The sublime 

In the history of philosophy there’s a long tradition about the concept of sublime. An inspired artistic experience without rational rules it’s how Plato tries to frame it in the Phaedrus, dated around 370 BC. In the first century DC in the essay “About the sublime” by an unknown author there’s an explicit distinction between the beautiful, founded on formal perfection and the sublime, which finds its origin in powerful feelings and belongs entirely to the emotional domain. This essay was rediscovered in 1554, translated in french by Boileau in 1674 and then brought to the “Spectator” pages by Addison between 1711 and 1712. He misunderstood the original meaning of sublime, intended just as the passion of the content and the noble and vigorous character of inspiration. Nevertheless, thanks to him the distinction between beautiful and sublime was highlighted and gained a primary attention in the philosophical community. Edmund Burke in his 1759 “A Philosophical Enquiry into the Origin of Our Ideas of the Sublime and Beautiful” opposes the sublime to the beautiful as the first is caused by horror and fear, sublime is what can compels and destroys us and it’s connected to the idea of death. The observer is however far from the phenomenon and thus can feel this peculiar “delightful horror”. The topic had an ample diffusion in Germany too thanks to Mendelssohn and was analyzed by Kant first in the 1764 “Observations on the feeling of the beautiful and sublime”  and after in the “Critique of Judgment”. Kant makes a distinction between mathematical and dynamic sublime. The first is the magnitude of nature such as the immense mountain, oceans and galaxies, the second considers the natural forces in action like a storm, an hurricane, a volcano. The revolution operated by the german philophers is that the sublime is not a characteristic of the object but can be found in the observer, yes Kant did it again: the copernican revolution of the sublime, he grabbed the sublime and brought it in front of the tribunal of reason. The debate continued trough the romanticism with Schelling, Hegel and Schopenhauer but was gradually abandoned to the point that now it’s not even considered a separated category and doesn’t have any attention.

What happens when we’re in front of something immensely vast? A huge mountain with snowy peaks, the ocean, the earth seen from an airplane. We feel dwarfed, we know we can only imagine the whole thing because it’s out of our sight, we see only one side of the mountain, we see the water only until the horizon and we can see the surface, not what’s under it. We may experience a peculiar sensation of void in the abdomen and a bit of confusion, we stop, observe and get  goosebumps, there’s an amount of bewilderment and a negative emotional response while we struggle to embrace the whole thing, after the initial wow effect we fail in elevating our senses to the point of sense it all and we have to switch to imagination and reasoning. We know that as intelligent being we created instruments like satellites and spaceships and submarines that can observe these mastodontic natural creations and we also know that for how big they are  there’s something much bigger and we feel a slight pleasure in knowing that our rationality can elevate to get a hold of this idea. I think the sublime here is the contrast between the disappointment for our tiny dimension and for our limited senses and the pleasure to see the big dwarfed by the bigger and our ability to grasp this concept. One peculiarity about the sublime is that it can be perceived only by creatures of a certain intelligence because individuals with low iq or animals may only feel fear or indifference and this is especially true for the dynamic sublime. The dynamic sublime can be felt in front of powerful natural events like a storm on the sea with thunders, bolts and waves, the eruption of a volcano so powerful to melt the rocks earth is made of, a huge fire without control. These forces must be seen from a privileged safe position. If we’re life threatened we  don’t feel the sublime but only terror. If we’re safe inside a building and we see a storm far away we feel a discomfort because we know we could easily be blown away but, as before with magnitude, we know the storm is not the biggest force in the universe and that we are able to build structures capable of withstanding its fury, it can even inspire a sense of awe. So again there’s a contrast between the fear of a formless and terrifying entity and the excitement of our reasoning. We are extremely small from a physical point of view but our reason is extremely capable and aspires to infinity. The difference between the beauty and the sublime lays in the contrasted feelings of the latter versus the positive emotional response to perception of the first and in that the sublime can be formless while the beauty has a shape.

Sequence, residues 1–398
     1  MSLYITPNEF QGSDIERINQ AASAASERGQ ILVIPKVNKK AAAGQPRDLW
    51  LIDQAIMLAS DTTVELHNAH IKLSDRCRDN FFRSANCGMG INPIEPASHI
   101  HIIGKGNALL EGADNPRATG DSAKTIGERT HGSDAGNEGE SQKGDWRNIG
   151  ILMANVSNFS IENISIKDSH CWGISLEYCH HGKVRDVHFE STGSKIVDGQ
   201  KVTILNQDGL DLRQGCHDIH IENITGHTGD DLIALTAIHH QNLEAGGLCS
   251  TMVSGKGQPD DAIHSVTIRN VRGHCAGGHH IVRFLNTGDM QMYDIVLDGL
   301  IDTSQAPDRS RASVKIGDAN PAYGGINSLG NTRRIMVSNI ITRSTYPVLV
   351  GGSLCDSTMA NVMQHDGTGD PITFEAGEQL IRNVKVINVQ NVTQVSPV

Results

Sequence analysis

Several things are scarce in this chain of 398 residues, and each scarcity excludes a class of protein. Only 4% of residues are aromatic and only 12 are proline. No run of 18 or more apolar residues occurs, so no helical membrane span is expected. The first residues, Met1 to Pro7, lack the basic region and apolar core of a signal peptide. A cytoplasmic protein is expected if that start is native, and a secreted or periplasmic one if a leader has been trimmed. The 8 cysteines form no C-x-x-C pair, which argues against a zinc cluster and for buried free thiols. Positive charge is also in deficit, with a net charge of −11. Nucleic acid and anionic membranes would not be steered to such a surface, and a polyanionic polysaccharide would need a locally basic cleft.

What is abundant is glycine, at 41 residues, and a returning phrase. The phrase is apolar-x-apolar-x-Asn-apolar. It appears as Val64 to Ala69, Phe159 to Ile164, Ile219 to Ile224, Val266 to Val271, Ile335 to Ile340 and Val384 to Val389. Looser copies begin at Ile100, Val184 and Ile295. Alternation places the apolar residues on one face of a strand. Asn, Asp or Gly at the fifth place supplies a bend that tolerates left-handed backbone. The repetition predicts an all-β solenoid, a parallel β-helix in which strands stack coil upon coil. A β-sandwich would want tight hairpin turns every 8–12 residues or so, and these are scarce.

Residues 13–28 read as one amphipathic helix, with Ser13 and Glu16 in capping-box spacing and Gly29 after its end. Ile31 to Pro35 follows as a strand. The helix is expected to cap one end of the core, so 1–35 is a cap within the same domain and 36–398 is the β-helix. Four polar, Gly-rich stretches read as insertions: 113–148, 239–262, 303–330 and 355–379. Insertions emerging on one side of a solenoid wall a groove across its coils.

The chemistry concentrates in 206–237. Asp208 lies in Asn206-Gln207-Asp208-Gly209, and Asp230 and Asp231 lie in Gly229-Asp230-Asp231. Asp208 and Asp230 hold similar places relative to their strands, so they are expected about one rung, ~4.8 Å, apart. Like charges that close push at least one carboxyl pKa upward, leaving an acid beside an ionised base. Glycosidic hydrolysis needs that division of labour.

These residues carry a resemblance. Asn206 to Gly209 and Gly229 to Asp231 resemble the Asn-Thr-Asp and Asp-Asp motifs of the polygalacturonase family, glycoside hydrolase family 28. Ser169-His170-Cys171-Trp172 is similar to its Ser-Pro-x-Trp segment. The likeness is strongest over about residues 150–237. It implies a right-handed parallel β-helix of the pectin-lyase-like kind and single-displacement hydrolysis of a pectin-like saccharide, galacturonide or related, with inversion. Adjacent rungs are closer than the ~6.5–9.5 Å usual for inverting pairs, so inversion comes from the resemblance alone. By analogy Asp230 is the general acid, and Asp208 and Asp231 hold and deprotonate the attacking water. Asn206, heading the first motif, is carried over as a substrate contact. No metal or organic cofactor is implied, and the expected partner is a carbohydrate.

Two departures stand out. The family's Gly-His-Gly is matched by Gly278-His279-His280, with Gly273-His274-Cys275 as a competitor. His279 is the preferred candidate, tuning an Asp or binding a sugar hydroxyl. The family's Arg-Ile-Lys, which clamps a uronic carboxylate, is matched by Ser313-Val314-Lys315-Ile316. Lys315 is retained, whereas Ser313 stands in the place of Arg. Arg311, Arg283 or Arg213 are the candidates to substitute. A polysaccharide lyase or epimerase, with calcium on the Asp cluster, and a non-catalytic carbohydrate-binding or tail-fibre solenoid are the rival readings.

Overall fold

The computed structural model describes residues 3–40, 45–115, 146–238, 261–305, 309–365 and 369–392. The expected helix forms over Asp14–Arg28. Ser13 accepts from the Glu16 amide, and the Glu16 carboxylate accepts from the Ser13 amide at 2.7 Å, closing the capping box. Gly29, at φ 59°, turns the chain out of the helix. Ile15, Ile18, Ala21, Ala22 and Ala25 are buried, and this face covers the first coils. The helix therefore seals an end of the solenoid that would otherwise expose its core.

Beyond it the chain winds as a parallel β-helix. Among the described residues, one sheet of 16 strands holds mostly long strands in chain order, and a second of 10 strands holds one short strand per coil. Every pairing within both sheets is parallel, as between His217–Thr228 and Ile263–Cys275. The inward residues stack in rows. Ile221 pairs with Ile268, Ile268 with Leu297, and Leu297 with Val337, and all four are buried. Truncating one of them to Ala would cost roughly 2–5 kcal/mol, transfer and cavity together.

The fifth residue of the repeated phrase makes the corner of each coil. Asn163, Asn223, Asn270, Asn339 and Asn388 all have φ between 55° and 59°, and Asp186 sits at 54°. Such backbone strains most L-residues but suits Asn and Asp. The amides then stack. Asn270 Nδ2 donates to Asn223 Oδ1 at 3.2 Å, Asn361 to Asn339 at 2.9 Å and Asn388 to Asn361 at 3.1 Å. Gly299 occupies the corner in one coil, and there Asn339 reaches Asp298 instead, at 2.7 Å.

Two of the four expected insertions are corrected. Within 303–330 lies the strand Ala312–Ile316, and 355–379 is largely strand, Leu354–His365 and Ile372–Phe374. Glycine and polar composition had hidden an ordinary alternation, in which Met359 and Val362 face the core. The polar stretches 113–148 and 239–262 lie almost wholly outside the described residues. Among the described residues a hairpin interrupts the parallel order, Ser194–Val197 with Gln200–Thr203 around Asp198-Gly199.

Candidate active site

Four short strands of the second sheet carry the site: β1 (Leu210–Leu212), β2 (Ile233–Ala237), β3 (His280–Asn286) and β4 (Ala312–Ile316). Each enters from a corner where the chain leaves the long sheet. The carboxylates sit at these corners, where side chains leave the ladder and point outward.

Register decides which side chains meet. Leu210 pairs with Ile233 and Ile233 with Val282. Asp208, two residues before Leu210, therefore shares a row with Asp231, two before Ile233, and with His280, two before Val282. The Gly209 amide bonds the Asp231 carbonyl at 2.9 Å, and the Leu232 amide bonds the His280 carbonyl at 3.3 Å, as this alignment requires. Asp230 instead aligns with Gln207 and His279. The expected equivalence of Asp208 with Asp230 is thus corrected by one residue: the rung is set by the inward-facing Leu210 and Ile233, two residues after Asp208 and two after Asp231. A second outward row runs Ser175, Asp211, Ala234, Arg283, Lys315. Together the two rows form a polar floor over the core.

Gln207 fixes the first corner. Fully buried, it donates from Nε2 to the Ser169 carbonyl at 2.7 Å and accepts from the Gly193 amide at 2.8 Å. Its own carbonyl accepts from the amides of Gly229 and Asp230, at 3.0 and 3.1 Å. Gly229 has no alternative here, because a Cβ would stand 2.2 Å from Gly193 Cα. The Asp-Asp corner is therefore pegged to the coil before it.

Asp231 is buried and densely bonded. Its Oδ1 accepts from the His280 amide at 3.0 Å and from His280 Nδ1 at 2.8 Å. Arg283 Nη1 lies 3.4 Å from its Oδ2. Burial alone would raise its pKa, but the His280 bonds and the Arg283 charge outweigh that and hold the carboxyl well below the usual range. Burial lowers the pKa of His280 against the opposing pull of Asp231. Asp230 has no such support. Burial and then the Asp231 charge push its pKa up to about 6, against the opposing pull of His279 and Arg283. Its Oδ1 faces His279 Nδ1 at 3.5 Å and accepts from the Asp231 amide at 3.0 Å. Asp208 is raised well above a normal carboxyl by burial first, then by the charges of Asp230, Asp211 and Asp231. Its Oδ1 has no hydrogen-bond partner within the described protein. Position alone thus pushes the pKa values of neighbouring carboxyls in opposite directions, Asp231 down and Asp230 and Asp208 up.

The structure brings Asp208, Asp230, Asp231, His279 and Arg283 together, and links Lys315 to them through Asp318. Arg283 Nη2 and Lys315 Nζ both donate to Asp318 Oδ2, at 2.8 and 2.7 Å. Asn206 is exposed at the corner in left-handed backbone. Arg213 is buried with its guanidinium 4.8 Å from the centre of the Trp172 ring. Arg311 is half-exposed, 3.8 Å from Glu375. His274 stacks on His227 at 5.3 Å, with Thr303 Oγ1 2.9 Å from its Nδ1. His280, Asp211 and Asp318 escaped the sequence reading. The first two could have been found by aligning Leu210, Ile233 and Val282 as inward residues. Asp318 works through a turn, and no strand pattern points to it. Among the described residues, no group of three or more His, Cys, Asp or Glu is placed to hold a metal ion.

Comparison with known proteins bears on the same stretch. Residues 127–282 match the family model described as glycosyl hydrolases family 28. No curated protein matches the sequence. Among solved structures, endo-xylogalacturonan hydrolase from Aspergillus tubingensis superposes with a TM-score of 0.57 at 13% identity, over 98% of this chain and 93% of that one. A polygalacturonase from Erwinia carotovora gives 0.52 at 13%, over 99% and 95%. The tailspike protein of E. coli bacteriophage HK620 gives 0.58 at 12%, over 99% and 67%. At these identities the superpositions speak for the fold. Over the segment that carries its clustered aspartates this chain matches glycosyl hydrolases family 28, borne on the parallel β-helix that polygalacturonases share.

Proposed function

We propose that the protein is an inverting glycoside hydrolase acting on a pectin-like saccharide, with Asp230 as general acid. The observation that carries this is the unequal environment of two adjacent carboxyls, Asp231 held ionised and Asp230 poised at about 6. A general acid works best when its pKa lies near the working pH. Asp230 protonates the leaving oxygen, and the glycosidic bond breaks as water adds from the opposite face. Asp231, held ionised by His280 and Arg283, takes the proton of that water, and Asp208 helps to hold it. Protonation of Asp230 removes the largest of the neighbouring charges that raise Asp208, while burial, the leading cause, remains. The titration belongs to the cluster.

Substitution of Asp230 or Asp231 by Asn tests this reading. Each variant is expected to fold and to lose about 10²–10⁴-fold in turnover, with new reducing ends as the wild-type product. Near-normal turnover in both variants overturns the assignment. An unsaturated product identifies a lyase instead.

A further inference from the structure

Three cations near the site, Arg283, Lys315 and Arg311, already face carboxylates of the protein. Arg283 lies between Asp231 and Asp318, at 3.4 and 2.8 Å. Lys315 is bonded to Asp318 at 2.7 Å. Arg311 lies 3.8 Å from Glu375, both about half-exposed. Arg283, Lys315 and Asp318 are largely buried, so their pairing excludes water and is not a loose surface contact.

What is the most sublime thing you have ever seen? Leave a comment below! Among the things I remember one stands out from the others. I was flying over the Atlantic Ocean from the US to Europe and I looked outside the airplane window and saw the red light of the last sun far behind me and the starry sky far ahead of me where it was already night, in between the various shades of light and darkness and the immense ocean there as a reflecting carpet…truly sublime…

 

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